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What happens when white people look at non-whites? What happens when the gaze is returned? Looking for the Other responds to criticisms leveled at white feminist film theory of the 1970s and 1980s for its neglect of issues to do with race. It focuses attention on the male gaze across cultures, as illustrated by women filmmakers of color whose films deal with travel.

Looking relations are determined by history, tradition, myth; by national identity, power hierarchies, politics, economics, geographical and other environment. Travel implicitly involves looking at, and looking relations with, peoples different from oneself. Featured films include Birth of a Nation, The Cat People, Home of the Brave, Black Narcissus, Chocolat, and Warrior Marks. Featured filmmakers include D. W. Griffith, Jacques Tourneur, Michael Powell, Julie Dash, Pratibha Parmar, Trinh T. Min-ha, and Claire Denis.

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It may be said that every trauma is two traumas or ten thousand-depending on the number of people involved. How one experiences and reacts to an event is unique and depends largely on one’s direct or indirect positioning, personal psychic history, and individual memories. But equally important to the experience of trauma are the broader political and cultural contexts within which a catastrophe takes place and how it is “managed” by institutional forces, including the media.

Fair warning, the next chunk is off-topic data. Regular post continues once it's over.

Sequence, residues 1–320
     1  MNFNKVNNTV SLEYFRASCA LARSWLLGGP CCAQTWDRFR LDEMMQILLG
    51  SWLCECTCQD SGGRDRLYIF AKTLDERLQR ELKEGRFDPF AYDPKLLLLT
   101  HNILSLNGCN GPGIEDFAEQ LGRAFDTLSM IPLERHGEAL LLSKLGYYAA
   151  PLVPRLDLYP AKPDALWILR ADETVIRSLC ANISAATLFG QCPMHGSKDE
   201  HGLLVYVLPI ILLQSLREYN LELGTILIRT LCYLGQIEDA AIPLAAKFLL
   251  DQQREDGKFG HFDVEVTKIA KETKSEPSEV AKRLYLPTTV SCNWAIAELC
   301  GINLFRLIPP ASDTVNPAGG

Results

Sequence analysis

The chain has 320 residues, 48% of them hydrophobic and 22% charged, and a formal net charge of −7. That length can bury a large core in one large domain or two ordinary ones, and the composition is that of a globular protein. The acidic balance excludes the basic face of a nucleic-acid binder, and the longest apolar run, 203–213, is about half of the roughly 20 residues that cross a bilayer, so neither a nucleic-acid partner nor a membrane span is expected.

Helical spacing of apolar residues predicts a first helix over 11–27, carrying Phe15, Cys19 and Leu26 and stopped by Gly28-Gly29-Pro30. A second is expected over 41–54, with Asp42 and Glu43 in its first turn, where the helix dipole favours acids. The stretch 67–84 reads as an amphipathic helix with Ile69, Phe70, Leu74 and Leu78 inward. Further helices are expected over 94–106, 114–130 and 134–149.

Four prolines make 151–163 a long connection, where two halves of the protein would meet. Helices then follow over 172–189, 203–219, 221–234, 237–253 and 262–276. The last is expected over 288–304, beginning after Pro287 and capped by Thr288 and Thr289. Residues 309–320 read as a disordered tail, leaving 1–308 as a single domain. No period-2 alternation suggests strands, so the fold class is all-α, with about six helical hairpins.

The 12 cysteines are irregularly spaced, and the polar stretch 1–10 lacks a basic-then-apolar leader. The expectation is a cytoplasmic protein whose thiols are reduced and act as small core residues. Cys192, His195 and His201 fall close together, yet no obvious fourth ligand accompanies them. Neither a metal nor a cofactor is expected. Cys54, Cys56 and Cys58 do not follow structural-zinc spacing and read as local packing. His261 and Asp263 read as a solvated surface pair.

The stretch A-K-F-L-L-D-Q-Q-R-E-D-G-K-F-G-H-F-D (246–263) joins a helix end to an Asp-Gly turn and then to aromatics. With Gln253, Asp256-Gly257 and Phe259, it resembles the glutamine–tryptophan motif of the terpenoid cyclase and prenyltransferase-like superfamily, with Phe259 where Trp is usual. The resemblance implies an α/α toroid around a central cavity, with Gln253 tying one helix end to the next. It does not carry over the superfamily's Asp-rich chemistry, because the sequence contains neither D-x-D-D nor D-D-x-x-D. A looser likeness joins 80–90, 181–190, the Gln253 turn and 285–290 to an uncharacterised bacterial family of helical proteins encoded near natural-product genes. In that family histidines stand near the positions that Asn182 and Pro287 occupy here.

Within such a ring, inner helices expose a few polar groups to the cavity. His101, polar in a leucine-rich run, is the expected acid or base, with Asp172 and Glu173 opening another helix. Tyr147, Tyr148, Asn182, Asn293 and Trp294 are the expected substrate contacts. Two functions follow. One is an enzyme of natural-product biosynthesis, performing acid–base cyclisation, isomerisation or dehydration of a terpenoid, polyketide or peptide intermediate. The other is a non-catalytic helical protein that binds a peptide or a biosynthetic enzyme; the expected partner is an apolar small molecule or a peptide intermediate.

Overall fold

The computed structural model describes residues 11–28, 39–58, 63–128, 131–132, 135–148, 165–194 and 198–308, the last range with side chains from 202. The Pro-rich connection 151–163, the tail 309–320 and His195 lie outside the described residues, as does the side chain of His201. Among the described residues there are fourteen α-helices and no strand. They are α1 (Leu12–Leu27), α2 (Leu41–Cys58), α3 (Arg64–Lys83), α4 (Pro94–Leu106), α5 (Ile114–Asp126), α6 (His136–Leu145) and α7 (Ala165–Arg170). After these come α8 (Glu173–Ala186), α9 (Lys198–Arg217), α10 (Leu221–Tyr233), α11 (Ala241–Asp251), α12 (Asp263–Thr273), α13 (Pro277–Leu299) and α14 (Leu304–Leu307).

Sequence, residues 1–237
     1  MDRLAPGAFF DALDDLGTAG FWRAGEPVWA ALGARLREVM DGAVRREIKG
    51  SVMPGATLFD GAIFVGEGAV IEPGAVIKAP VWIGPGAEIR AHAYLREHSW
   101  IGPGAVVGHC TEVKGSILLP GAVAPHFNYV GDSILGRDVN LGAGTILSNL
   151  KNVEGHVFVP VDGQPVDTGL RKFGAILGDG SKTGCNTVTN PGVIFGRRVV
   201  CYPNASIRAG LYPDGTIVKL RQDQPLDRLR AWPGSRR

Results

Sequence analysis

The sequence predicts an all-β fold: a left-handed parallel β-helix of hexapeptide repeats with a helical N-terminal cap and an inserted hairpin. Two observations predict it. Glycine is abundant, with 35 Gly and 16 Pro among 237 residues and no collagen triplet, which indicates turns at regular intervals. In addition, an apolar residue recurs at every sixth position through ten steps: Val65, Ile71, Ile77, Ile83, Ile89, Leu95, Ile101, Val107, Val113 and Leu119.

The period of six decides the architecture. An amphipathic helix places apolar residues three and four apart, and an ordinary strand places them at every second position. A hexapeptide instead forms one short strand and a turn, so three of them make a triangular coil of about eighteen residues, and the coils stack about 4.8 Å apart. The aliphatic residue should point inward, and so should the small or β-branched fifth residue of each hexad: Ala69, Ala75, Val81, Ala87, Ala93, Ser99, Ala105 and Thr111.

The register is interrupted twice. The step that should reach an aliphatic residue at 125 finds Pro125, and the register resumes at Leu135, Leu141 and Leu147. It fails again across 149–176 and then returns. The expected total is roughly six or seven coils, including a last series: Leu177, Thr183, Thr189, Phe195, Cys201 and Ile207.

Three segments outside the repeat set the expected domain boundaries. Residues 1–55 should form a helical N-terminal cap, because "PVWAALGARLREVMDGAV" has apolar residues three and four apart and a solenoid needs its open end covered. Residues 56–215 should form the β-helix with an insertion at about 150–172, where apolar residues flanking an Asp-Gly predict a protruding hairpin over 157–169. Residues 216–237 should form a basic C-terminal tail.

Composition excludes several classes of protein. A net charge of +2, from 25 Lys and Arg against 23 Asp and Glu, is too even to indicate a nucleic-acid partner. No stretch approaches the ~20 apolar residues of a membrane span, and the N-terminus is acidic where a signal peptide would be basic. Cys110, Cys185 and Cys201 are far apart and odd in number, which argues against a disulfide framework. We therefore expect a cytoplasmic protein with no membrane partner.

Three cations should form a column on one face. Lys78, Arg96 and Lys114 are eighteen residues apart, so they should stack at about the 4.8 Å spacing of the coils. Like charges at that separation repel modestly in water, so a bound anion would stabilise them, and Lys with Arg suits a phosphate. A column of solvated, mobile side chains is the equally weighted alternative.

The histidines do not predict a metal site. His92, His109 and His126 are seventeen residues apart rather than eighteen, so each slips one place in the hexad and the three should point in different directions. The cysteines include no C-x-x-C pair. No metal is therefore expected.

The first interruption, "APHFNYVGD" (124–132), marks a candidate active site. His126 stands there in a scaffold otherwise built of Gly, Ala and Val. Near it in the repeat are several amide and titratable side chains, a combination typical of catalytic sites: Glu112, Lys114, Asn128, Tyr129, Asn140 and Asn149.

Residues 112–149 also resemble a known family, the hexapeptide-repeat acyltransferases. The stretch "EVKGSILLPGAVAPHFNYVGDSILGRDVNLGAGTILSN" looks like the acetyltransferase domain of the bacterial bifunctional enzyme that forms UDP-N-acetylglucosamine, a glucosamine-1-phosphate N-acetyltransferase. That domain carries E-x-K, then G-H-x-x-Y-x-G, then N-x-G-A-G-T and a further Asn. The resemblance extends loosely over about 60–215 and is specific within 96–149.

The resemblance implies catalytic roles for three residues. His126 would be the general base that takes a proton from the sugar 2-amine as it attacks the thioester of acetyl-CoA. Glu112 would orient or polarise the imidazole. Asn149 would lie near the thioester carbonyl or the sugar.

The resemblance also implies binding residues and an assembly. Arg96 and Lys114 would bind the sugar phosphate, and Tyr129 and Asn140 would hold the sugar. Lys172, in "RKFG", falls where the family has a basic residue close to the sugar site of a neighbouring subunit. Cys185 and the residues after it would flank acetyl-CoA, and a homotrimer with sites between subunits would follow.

In Trauma Culture, E. Ann Kaplan explores the relationship between the impact of trauma on individuals and on entire cultures and nations. Arguing that humans possess a compelling need to draw meaning from personal experience and to communicate what happens to others, she examines the artistic, literary, and cinematic forms that are often used to bridge the individual and collective experience. A number of case studies, including Sigmund Freud’s Moses and Monotheism, Marguerite Duras’ La Douleur, Sarah Kofman’s Rue Ordener, Rue Labat, Alfred Hitchcock’s Spellbound, and Tracey Moffatt’s Night Cries, reveal how empathy can be fostered without the sensationalistic element that typifies the media.

From World War II to 9/11, this passionate study eloquently navigates the contentious debates surrounding trauma theory and persuasively advocates the responsible sharing and translating of catastrophe.

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